First of all, the letterbox anamorphic 16x9 transfer is a construct for this DVD release. The series was shot, in 1990-91, in the 4x3 aspect ratio. However, all framing was composed for "TV Safe" which is the safe title area. If you crop a TV Safe picture vertically, you get 16x9 almost exactly. What you get on this transfer is what was considered essential during prime photography. Uncropped vertical picture area is just icing on the cake. What you see is what Dan Curtis and MGM deemed absolutely essential. Credits are presented in the 4x3 aspect ration, but if you watch closely there are title and credit elements that push the far boundries of TV Safe, which is why they are presented that way rather can cut off any copyright notices, studio ownership warnings, etc.
In terms of the day for night photography, I double checked the DVD off of my off-the-air SVHS recordings, which I recorded during the original broadcast. They are very, very close.
One must bear in mind that the broadcast technology of the time requred the studios to turn over a 35mm low contrast positive composite print of the show, which was transferred to NTSC video standard. The dynamic range of the telecine and broadcast bandwidth was much more limited than they are now. Simply compare, say, current episodes of CSI and Dark Shadows....and Dark Shadows almost looks like high-key sitcom lighting! For example, the scene where Daphne Collins walks through Collinsport just before Barnabas' first attack is so brightly lit it's comical--but this was the norm for TELEVISION filming at the time, not theatrical. The excellent day-for-night filming on House of Dark Shadows would not transfer over to a broadcast without significant print re-timing for broadcast standards. Nowdays, with HDTV and digital broadcasting, the dynamic range is much larger and almost feature film latitude. But in the 90's the broadcast spectrum was limited and both sound and color dynamics had to be intensely limited. (If you want another comparison, look at an original episode of Bonanza...the colors are almost exclusively pastel (no bright reds, greens, blues) because color broadcast simply could not handle intense primary colors.)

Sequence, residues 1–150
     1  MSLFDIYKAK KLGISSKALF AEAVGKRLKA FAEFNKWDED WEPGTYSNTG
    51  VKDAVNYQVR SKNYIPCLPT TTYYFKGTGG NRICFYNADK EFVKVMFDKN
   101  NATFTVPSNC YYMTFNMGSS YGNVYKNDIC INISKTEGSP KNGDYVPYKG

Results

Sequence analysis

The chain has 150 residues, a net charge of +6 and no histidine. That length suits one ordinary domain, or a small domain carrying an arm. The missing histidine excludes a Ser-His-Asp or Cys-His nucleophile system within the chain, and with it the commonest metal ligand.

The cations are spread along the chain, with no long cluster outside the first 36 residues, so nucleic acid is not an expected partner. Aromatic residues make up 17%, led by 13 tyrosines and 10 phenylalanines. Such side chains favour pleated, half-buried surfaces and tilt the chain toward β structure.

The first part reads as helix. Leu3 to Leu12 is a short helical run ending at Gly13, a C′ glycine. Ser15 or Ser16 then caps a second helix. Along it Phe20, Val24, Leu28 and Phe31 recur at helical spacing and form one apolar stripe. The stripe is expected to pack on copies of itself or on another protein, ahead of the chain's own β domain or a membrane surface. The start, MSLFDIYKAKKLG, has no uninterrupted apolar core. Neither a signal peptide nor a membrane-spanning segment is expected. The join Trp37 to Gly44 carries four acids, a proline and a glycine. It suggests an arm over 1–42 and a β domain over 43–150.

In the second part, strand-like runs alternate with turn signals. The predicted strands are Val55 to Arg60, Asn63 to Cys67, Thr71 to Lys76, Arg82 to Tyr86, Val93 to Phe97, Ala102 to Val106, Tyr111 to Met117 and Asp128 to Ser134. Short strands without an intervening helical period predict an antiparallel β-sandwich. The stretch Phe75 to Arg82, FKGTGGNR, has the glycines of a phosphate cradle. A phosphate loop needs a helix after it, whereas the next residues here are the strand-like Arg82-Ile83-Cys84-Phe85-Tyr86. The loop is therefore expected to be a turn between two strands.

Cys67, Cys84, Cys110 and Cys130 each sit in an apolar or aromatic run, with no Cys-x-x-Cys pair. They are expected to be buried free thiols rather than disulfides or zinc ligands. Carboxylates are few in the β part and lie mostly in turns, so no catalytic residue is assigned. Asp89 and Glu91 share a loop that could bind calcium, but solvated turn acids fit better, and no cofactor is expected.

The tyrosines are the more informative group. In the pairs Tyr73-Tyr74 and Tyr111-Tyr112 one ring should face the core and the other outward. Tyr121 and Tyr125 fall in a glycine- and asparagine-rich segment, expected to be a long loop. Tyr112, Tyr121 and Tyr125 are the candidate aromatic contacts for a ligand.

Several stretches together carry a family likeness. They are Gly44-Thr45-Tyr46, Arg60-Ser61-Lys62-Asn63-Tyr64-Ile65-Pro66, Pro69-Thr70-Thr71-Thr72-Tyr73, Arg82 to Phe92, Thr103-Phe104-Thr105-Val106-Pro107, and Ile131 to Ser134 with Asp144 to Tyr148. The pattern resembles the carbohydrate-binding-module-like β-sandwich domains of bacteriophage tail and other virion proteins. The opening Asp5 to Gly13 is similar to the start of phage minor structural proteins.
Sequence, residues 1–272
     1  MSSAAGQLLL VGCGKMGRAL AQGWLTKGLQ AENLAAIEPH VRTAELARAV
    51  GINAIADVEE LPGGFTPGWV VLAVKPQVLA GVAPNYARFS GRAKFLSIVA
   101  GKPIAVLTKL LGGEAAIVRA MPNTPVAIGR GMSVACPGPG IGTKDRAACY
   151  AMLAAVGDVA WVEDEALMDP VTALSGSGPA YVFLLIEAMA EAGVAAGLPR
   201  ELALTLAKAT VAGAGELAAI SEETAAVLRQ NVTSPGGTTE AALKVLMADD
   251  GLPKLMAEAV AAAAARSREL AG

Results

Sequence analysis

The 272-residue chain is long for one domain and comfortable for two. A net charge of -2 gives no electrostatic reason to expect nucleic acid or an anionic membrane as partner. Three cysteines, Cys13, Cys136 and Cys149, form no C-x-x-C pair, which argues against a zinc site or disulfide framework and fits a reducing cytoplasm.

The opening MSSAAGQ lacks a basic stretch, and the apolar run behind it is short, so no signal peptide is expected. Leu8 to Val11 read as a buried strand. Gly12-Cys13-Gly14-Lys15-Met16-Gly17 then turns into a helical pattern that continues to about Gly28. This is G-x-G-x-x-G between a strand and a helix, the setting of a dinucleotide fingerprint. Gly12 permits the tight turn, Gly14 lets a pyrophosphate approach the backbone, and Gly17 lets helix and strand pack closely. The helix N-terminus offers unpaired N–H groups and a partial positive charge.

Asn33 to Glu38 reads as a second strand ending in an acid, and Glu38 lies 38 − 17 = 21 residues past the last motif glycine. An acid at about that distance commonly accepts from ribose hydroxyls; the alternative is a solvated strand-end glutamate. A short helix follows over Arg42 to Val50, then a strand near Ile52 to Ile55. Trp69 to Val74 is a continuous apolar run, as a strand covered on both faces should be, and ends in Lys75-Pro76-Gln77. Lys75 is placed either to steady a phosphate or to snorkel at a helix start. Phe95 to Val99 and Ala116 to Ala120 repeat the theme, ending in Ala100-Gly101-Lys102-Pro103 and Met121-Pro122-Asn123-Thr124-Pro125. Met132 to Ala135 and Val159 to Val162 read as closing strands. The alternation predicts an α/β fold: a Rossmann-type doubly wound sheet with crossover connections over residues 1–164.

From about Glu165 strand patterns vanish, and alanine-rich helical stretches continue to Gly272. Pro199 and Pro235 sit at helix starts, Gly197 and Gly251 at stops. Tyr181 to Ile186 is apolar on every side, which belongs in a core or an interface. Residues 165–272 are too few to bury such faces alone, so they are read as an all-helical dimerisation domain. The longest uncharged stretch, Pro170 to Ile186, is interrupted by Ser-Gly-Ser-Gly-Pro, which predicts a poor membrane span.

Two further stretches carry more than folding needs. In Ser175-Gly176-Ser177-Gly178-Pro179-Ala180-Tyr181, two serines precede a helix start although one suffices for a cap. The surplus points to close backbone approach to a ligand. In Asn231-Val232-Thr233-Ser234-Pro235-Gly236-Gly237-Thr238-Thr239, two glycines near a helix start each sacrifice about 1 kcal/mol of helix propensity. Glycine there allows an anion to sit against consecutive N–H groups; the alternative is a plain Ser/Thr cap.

Another thing to remember about the film grain, etc., is that the series was shot and designed for the average 25 to 30" television of the time period. Higher speed film (and dubious Metrocolor processing!) was used to speed production and cut costs. Day for night filming was used because 1) it was cheaper and 2) far less time consuming than filming endless "magic hour" shots at dusk. With a vampire series, it would be utterly impractical to do endless night shoots plus daytime soundstage work (when do the actors and crew sleep?) so shooting day-for-night and timing the print slightly dark blue was a necessary cheat.
Yes, MGM could have timed the print darker for the DVD...but that would have necessitated reprinting/retiming nearly 50,000 feet of 35mm film, probably off a faded, scratched negative that had not been archivally preserved. (Few TV shows ever are!)
And we must realize that Dark Shadows is a niche market...we're not talking Desperate Housewives here...in terms of thousands of DVD units sold.
So all things considered, I'm glad we've got a reasonably timed/fairly accurate color/fairly scratch-free answer print to watch--in all probability, the same physical film that was originally broadcast on NBC. I'm encouraged that any elements were preserved at all--especially the stereo soundtrack. You would be appalled at how many "classic" television shows exist now only in 16mm versions, their original 35mm elements long gone.
I will agree that some DVD extras would have been worthwhile, and perhaps that will come in time. But considering that this transfer is clear enough to see the dirt on the opticals I'm convinced that this is the best transfer we could hope for, barring a full-blown digital restoration.